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Chiang Mai Citylife > Articles > 2014 > 2014 Issue 02 > The Adventures of Tom

The Adventures of Tom

They are everywhere, especially at this dreaded time of year. Pithy little quotes, thoughts, sayings and messages telling me how to be happy, how to have a better life, how to make other people’s lives better, how to love more, and how to be loved more. Quotes like, “The world is a fine place and worth fighting for” (E. Hemingway), “Kiss me and you will see how important I am” (S. Plath), and “Some people go to priests; others to poetry; I to my friends” (V. Woolf), are all examples of the sagacious snippets that appear across the interweb in flamboyant fonts on backgrounds of saccharine sunsets and surreal seascapes. 

You’ve probably guessed what I’m doing here. The above quotes are all from people who wondered at just how extraordinary life is but in the end celebrated that wonder by sucking on a shotgun barrel, spending too long contemplating the interior of a gas oven, and taking a dip in a river with pockets full of rocks.

It is unfortunate that when these platitudinous pearls appear on my Facebook I rarely assume that someone is having an epiphany or feeling ecstatic enlightenment. Nope, they tell me I should probably call the police to check they aren’t swinging from a light fixture. Unless the quote is one of the Dalai Lama’s. He’s an insanely positive guy and usually pretty spot on.

My problem, generally, is that such quotes are too often presented as something original and significant, pasted onto a picture of sunlit clouds to somehow emphasise just how profound, and potentially life-changing, a dozen or so words taken totally out of context can be. If quotes, sunrises and pretty flowers are really the sort of thing that prompt aspirations of a better life, then get down to the flower market next to the Ping at about 5 a.m. Sunrises happen every morning and flowers are everywhere, but we rarely go out of our way to really notice them.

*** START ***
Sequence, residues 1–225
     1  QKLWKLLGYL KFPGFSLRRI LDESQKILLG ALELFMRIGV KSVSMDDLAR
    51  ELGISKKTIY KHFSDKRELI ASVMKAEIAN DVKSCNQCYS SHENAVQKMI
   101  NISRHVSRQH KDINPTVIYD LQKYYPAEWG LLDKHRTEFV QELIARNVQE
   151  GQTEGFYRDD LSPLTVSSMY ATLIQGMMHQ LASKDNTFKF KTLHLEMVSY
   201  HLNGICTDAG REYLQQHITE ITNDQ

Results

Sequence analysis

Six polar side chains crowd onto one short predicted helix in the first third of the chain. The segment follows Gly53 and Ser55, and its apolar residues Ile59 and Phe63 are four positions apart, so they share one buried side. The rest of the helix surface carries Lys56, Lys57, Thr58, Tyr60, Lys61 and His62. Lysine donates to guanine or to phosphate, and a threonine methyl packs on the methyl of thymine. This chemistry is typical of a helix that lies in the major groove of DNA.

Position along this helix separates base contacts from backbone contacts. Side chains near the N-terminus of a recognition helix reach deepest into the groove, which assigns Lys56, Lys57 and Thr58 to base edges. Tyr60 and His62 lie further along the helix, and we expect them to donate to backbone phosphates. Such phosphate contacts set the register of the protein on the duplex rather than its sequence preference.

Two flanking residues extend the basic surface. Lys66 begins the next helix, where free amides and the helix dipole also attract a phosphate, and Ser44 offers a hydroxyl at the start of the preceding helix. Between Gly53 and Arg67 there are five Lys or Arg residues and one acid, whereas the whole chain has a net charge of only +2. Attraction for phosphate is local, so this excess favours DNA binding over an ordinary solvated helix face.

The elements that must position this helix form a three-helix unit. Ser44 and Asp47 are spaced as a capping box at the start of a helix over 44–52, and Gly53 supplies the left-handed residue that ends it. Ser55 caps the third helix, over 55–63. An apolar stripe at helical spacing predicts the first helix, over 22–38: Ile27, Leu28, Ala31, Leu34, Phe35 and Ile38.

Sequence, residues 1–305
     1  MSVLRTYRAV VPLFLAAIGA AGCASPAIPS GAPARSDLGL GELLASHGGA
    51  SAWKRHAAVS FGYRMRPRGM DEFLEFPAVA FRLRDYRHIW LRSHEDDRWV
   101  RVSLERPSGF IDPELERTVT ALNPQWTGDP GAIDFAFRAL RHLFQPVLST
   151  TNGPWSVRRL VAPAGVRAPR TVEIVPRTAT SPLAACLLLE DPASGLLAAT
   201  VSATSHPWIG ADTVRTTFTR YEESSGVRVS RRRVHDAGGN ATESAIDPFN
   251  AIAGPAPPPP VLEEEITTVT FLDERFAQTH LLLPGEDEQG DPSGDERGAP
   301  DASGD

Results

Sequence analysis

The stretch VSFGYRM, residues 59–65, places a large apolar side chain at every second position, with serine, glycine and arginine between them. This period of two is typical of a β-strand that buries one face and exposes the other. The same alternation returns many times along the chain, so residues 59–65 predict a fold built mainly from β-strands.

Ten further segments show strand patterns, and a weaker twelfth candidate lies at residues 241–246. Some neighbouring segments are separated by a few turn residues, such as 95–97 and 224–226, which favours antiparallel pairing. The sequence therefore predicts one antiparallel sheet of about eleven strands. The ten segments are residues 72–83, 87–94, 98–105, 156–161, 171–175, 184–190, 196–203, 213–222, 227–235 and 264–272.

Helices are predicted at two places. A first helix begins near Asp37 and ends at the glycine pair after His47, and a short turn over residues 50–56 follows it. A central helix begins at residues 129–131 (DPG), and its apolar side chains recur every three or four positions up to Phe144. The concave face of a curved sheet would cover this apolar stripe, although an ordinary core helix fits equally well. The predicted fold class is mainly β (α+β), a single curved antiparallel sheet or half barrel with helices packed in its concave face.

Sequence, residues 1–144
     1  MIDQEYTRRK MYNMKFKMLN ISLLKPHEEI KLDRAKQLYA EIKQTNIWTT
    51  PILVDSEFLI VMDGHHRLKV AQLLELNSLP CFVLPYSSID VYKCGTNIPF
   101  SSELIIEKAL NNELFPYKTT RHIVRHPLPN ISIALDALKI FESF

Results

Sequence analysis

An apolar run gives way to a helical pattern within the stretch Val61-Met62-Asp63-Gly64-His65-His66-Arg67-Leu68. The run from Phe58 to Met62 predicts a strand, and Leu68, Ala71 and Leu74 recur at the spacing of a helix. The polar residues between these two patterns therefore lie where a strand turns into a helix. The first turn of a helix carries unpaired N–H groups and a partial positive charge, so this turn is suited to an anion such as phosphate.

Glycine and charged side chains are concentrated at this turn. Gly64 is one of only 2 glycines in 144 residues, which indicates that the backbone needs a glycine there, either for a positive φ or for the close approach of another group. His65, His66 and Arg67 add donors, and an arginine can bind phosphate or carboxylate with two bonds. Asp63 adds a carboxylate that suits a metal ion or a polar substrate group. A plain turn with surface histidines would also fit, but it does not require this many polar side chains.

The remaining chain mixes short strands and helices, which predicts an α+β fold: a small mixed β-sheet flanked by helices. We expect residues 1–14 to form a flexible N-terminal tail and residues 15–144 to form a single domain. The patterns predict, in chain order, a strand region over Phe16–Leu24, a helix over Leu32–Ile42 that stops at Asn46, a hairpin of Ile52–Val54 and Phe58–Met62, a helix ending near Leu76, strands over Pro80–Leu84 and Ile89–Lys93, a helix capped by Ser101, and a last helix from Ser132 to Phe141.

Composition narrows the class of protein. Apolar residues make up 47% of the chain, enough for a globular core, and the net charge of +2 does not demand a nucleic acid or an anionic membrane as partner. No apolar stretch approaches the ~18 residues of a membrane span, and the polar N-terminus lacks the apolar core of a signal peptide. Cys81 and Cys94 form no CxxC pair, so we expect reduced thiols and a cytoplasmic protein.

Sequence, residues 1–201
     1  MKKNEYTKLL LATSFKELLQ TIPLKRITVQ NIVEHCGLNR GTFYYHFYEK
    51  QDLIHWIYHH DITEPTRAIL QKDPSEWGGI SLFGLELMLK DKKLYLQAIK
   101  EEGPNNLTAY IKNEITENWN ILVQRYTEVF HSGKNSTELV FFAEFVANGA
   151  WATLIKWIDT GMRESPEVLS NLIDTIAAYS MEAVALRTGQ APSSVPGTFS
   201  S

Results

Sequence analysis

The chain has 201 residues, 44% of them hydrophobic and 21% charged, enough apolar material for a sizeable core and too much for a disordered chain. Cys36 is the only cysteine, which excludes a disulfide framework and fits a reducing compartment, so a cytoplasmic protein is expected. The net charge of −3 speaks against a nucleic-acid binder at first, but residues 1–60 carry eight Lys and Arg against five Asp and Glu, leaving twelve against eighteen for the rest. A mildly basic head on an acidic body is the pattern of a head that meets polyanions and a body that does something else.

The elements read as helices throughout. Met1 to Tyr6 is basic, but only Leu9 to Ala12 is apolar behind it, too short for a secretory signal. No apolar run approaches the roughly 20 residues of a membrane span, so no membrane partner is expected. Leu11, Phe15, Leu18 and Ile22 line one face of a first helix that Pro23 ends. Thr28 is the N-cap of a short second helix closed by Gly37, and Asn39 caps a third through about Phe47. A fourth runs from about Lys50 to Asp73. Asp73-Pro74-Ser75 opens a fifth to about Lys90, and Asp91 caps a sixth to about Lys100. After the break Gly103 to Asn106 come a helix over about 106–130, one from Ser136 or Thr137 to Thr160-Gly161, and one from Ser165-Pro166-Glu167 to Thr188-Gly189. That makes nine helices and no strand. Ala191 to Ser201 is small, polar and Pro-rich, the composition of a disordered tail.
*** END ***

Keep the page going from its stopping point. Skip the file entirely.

But, I’m not here to slag you off for not sniffing the flowers, or even to have a go at the internet. No, I’m here to take a total u-turn on what I’ve just disparaged. So here’s my prosaic platitude: “Tell everyone you love that you love them.” There you go. Bit crap really, isn’t it?  

Do it anyway. Call everyone, or text them or email them or Facebook them, and tell them you love them. Do it now, not because I just suggested you should, but because you want to and you mean it.

I am well aware that what I’m saying is about as unoriginal and trite as you can get, but I’ve just returned from home where my family and I set fire to our mum. 

I had a difficult relationship with my mum (again, something I’m not claiming is unique) and we hadn’t communicated for about a decade until about six months ago. But this is the thing and the reason for me telling you to use the words “I love you” more often than anyone with all their marbles usually would. We got a lot off our chests during those months and I was able to tell her how much I love her and she me. She created me, I am her; how can one not love the person that did that? Anyway, I reckon if I’d had to fly home to turn her into ashes without having told my mum that I love her several times before her death, I’d be in a straight-jacket right now. 

So do it. Tell everyone that you love them whenever you can. Break off an argument with: “You know I love you?” And then get back to your pointless row about whose turn it is to wash up the nappies or deworm the cat. Tell people you love them even if you suspect they’ll think you are stoned, drunk or mad. I promise that there is nobody out there who will not reply to “I love you” with anything other than “I love you, too,” or possibly, “Are you feeling okay?”

I know this because after my mum died, people I barely know sent condolences, and I so appreciate it. My heart is broken, nothing can fix that, but the elastoplast that was every message of love helped to keep it together more than I can describe on this keyboard. And all I had to say in return “I love you very much, too.” Except for my old drug dealer from Camden – Terry. I did reply to that one with, “Are you feeling okay?” before telling him I loved him. 

I realise that by writing this I’m being remarkably self-indulgent. We all lose people, and it’s unfortunately inevitable for the living to have to go through this. And I appreciate that most of the lessons we learn in life are our own business. However, this one really is too big not to share and I learned it in a big way. So in the tradition of frigging unoriginal, banal, everyday Facebook posts I abhor – everything I’ve ever said in my life is complete drivel compared to: “I love you.” There’s no copyright on these three words; they are never trite and they are far more powerful than any picture of a bloody over-saturated sunset or some slightly defocused flowers.

Oh, and cry. Why don’t we cry more? Especially with those we love? It’s like blowing your nose and being able to breathe again. I don’t know what it releases, but heck, it makes everything more bearable. So please, let’s all say “I love you” and cry more. It’d be like one big Richard Curtis film, and anyone who has read me before knows how I love Richard Curtis. 

Next month I’ll be back to the usual bollocks, but for now: I love you.